The oboe /ˈoʊboʊ/ is a family of double reed woodwind musical instruments. The standard oboe plays in the treble or soprano range. It is made from a wooden tube roughly 65 cm (25½ inches) long, with metal keys, a conical bore and flared bell. Sound is produced by blowing into the reed and vibrating a column of air. The distinctive oboe tone is versatile, and has been described as “bright”. When the term oboe is used alone, it is generally taken to mean the standard treble instrument.
In English, prior to 1770, the standard instrument was called the hautbois, hoboy, or French hoboy (pronounced /ˈhəʊbɔɪ/, or “HOE-boy”, borrowed from the French name, a compound word made of haunt [“high, loud”] and bois [“wood, woodwind”]). The spelling “oboe” was adopted into English c. 1770 from the Italian oboe, a transliteration in that language’s orthography of the 17th-century pronunciation of the French name. A musician who plays the oboe is called an oboist.
Today, this instrument is commonly used in concert bands, orchestras, chamber music, film music, in some genres of folk music, and as a solo instrument, and is occasionally heard in jazz, rock music, pop music, and popular music.
In comparison to other modern woodwind instruments, the treble oboe has a clear and penetrating voice. The Sprightly Companion, an instruction book published by Henry Play ford in 1695, describes the oboe as “Majestically and Stately, and not much Inferior to the Trumpet.” More humorously, the voice is described in the play Angels in America as sounding like that of a duck if the duck were a songbird. The timbre of the oboe is derived from the oboe’s conical bore (as opposed to the generally cylindrical bore of flutes and clarinets). As a result, oboes are readily audible over other instruments in large ensembles.
Music for the standard this instrument is written in concert pitch (i.e., it is not a transposing instrument), and the instrument has a soprano range. Orchestras normally tune to a concert A played by the oboe. According to the League of American Orchestras, this is done because the pitch of the oboe is secure and its penetrating sound makes it ideal for tuning purposes. The pitch of the regular oboe is affected by the way in which the reed is made. The reed has a significant effect on the sound of the instrument. Variations in cane and other construction materials, the age of the reed, and differences in scrape and length will all affect the pitch of the instrument.
German and French reeds, for instance, differ in many ways, causing the sound of the oboe to vary accordingly. Weather conditions such as temperature and humidity will also affect the pitch. Skilled oboists adjust their embouchure to compensate for these factors. Subtle manipulation of embouchure and air pressure allows the player to express timbre and dynamics.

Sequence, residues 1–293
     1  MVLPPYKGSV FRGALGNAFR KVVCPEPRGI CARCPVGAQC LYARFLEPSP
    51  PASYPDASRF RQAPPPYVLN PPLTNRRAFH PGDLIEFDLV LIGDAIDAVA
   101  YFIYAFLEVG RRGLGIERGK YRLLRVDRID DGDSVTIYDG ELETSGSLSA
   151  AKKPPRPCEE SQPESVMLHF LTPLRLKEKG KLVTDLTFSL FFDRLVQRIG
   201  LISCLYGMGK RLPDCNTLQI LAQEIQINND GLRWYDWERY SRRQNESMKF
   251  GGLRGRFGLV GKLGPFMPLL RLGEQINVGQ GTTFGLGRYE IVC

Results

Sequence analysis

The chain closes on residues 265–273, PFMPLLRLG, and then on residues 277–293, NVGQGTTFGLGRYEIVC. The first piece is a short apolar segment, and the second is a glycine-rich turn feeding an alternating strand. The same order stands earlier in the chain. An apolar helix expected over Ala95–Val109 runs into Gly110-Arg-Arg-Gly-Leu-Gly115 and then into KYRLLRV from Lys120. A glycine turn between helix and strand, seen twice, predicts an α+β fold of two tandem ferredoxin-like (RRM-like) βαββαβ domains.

The regular oboe first appeared in the mid-17th century, when it was called hautbois. This name was also used for its predecessor, the shawm, from which the basic form of the hautbois was derived. Major differences between the two instruments include the division of the hautbois into three sections, or joints (which allowed for more precise manufacture), and the elimination of the pirouette, the wooden ledge below the reed which allowed players to rest their lips. The exact date and place of origin of the hautbois are obscure, as are the individuals who were responsible. Circumstantial evidence, such as the statement by the flautist composer Michel de la Barre in his Memoire, points to members of the Philidor (Filidor) and Hotteterre families. The instrument may in fact have had multiple inventors. The hautbois quickly spread throughout Europe, including Great Britain, where it was called “hautboy”, “hoboy”, “hautboit”, “howboye”, and similar variants of the French name. It was the main melody instrument in early military bands, until it was succeeded by the clarinet.
The standard baroque oboe was generally made of boxwood and had three keys: a “great” key and two side keys (The side key was often doubled to facilitate use of either the right or left hand on the bottom holes). In order to produce higher pitches, the player had to “overblow”, or increase the air stream to reach the next harmonic.
Notable oboe-makers of the period are the Germans Jacob Denner and J.H. Eichentopf, and the English Thomas Stanesby (died 1734) and his son Thomas Jr (died 1754). The range for the baroque oboe comfortably extends from C4 to D6. With the resurgence of interest in early music in the mid 20th century, a few makers began producing copies to specifications taken from surviving historical instruments.